'E maari behno, Swaraj levu sehl chhe’ (Oh dear women/ it isn’t difficult to snatch Swaraj) – at 88, Elaben breaks into garba seeped in the spirit of the freedom struggle of her young years. “You call it independence now, we used to call it the fight for swaraj,” she says, and goes on, as she spots a bird hopping trees in the compound of her modest bungalow, “The vision was Purna Swaraj.”
There is sadness in her eyes and stoicism in her voice, as she often swallows that lump in the throat. On one hand, she vividly recounts the independence slogans, the gunshots, and the satyagrahis hiding in her home, and on the other, wonders, “Where is Swaraj? Is this Swaraj?” It is a struggle for her. It would sure be. Elaben Bhatt is the Chancellor of Gujarat Vidyapith, the esteemed institution set up by Mahatma Gandhi in 1920. Elaben Bhatt is also the founder of SEWA (Self-Employed Women’s Association), a revolutionary union for unorganised ‘invisible’ women workforce inspired by Gandhi’s teachings. She is an emeritus member of the Elders, a group of world leaders founded by Nelson Mandela to promote human rights and peace.
She was awarded the Ramon Magsaysay Award for Community Leadership in 1977, the Right Livelihood Award for Changing the Human Environment in 1984, and two of India’s highest civilian honours: The Padma Shri in 1985 and the Padma Bhushan in 1986.
“I understood Swaraj in my growing up years as the fight against the British rule. But its essence, relevance, significance, and meaning in its entirety went on crystallising with time,” she says.
Suddenly, with a rush of energy, she declares, “No, this is not Swaraj, this is incomplete.” Gandhiji says in Hind Swaraj, she recalls in Gujarati, “Jyan sudhi jan-jan swaraj bhogve nahi, tyaan sudhi swaraj adhuru chhe (Until every single person is able to enjoy Swaraj, it is incomplete)”. Elaben stresses, “Every single person should be able to ‘enjoy’ Swaraj! Enjoy is the word. I eat what I want to, wear what I feel like, go where I want to, decide what I do, I do what I do.”
“That’s Swaraj! Can you feel it?” she asks, and replies, “I don’t. My Swaraj is incomplete, and so is yours,” Elaben emphasises.
Not directly speaking about the current political leadership — and not so by design — she says, “Gandhiji was so much a part of us, among us, he won’t talk to you from a pedestal. I remember he would come to Surat when I was in school, go to Valsad and come back like any of us.”
“Unlike now, he was not separate from us; like a neta is now as though what he speaks is like God saying it. Gandhiji would guide us, teach us, but by sitting amongst us and not from a pedestal. That is one big difference,” Bhatt says.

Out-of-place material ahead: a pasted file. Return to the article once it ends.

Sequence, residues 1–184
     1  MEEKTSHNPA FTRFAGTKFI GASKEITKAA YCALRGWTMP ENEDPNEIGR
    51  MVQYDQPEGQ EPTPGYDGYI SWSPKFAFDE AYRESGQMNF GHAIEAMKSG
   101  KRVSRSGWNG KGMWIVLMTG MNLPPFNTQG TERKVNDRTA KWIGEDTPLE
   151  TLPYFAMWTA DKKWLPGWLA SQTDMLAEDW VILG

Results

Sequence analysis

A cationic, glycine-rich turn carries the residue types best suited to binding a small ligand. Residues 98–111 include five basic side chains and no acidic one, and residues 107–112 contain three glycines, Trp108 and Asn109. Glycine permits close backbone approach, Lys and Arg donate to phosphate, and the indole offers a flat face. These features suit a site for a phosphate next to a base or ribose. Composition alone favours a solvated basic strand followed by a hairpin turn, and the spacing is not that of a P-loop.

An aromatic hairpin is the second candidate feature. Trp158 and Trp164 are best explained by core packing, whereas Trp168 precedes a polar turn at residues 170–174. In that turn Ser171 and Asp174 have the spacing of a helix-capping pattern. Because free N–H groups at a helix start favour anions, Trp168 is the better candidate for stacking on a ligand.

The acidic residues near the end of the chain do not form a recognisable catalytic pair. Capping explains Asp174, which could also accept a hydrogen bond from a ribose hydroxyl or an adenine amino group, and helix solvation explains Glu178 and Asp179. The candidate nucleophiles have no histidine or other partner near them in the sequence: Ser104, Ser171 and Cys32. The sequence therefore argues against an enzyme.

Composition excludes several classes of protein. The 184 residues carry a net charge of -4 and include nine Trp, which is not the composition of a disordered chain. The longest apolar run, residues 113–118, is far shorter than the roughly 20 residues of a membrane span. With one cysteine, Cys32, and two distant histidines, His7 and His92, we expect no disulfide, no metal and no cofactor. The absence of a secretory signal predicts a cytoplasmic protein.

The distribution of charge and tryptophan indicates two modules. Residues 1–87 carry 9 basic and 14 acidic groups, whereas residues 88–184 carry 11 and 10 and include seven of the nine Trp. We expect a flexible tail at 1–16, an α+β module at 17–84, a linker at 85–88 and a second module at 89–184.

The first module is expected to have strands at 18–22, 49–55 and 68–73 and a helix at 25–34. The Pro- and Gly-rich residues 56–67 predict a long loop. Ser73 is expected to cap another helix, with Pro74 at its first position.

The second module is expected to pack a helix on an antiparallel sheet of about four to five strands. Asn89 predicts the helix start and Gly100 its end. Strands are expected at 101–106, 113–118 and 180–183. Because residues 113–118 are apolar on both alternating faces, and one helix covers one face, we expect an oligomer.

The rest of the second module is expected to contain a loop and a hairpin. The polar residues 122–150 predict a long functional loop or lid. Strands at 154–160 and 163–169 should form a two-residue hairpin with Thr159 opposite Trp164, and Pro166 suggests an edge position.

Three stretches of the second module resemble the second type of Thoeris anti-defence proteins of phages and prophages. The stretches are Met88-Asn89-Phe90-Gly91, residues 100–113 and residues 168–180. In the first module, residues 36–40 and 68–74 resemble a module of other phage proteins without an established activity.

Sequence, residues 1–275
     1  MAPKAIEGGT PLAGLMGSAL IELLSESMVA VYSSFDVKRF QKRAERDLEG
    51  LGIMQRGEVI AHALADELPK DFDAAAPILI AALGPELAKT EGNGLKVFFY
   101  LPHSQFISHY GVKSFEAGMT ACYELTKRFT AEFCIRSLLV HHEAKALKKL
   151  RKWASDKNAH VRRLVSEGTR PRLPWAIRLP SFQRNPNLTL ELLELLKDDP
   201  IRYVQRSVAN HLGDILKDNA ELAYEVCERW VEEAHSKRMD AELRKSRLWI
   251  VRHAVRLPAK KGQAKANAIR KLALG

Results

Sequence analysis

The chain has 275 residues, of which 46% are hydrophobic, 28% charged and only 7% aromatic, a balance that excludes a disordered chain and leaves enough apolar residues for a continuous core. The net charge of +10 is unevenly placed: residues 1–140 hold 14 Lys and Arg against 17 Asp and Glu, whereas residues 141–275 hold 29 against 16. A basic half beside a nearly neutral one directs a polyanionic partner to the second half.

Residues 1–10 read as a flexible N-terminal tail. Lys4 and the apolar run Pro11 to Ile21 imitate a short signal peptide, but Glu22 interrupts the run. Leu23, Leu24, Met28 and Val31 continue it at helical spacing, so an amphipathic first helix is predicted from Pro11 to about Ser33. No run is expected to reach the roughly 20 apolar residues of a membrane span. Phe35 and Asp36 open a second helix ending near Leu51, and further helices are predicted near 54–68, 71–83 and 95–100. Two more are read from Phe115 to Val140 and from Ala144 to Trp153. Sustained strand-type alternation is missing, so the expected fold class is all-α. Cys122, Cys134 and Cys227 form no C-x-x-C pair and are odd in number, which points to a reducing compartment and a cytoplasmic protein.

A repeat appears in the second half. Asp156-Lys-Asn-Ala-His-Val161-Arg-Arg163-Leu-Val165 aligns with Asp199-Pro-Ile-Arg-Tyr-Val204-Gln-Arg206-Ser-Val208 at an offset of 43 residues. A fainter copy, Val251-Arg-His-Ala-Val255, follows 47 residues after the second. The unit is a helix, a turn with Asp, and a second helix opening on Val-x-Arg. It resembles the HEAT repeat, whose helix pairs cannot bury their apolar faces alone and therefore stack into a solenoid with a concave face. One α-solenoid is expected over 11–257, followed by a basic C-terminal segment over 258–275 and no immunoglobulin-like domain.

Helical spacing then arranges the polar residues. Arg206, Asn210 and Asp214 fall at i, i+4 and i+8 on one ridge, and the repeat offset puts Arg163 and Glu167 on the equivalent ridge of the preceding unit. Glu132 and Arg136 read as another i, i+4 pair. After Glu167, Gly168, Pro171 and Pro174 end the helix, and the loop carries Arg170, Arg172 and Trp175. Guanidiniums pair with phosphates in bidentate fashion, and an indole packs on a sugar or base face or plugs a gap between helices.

So why does she think the Swaraj is incomplete, 75 years down the line? “Oh, there is a huge population that is growing poorer; the gap between the haves and the have-nots is widening, and the marginalised are getting more marginalised.”
Elaben is unstoppable, as she adds, “There is inequality everywhere. The poor don’t feel safe, they are engulfed in all kinds of uncertainties. What is happening to the farmers? Their numbers are going down, they are becoming labourers, there is corporatisation of agriculture, monopolistic tendencies, huge pieces of land owned by fewer people.”
“What is happening now is exploitation,” says the worried Gandhian. According to Elaben, the country faces three types of crisis. “One, poverty despite abundance; two, increasing tolerance and huge collapse of morality, and three, environmental catastrophe, yes it is a catastrophe; what is oxygen shortage,” she asserts.
For the solution, she opines, “We need an economy of nurturance where all sectors nurture each other. We will have to bring complete Swaraj. Nobody is going to do it for us, it is the people who will have to do it.”
She is worried that “women are the worst sufferers”. Explaining why she set up SEWA, the union of women workers, in 1972, Elaben says the attempt was to organise the informal unorganised women workforce “who were not counted among labourers and so wasn’t their contribution to the economy.”
The big challenge today is also the “increasing or unattended informal workforce, and more so, the women”, she says, and explains, “When I started SEWA, informal workforce comprised 89% of the total, and 50% of them were women. Now, it is 94% and women 50%. The invisible, the voiceless. Didn’t we see lakhs of migrant workers walk or cycle back home hundreds of kilometres?”
On the recent attempts by the Central Government to redevelop the historic Sabarmati Ashram at the risk of losing its character, Elaben says, “We (she is the Chairperson of Sabarmati Ashram Preservation and Memorial Trust) are clear that we are against anything that disturbs the simplicity, the frugality, the ethos, the autonomy of the Ashram. These have to be maintained and preserved.”
Born on September 7, 1933, Elaben Rameshbhai Bhatt is the founder of the Self-Employed Women’s Association (SEWA), which became the first union of unorganised women workforce that went on to expand into a unique instrument of empowerment of women from the lowest strata of society. Her leadership brought national and international recognition.
She was a cofounder in 1979 of Women’s World Banking (WWB), a global network of microfinance organisations that assist poor women, and served as its chairperson from 1984 to 1988. In 1986, she was appointed to the Rajya Sabha where she served until 1989, and chaired the National Commission on Self-Employed Women, which was established to investigate the conditions of poor women workers. Bhatt has also been an advisor to the World Bank on microfinance, banking and anti-poverty programmes.
She joined the Elders, a group of world leaders that was founded by Nelson Mandela to promote human rights and peace, 2007; to become its emeritus member in 2016.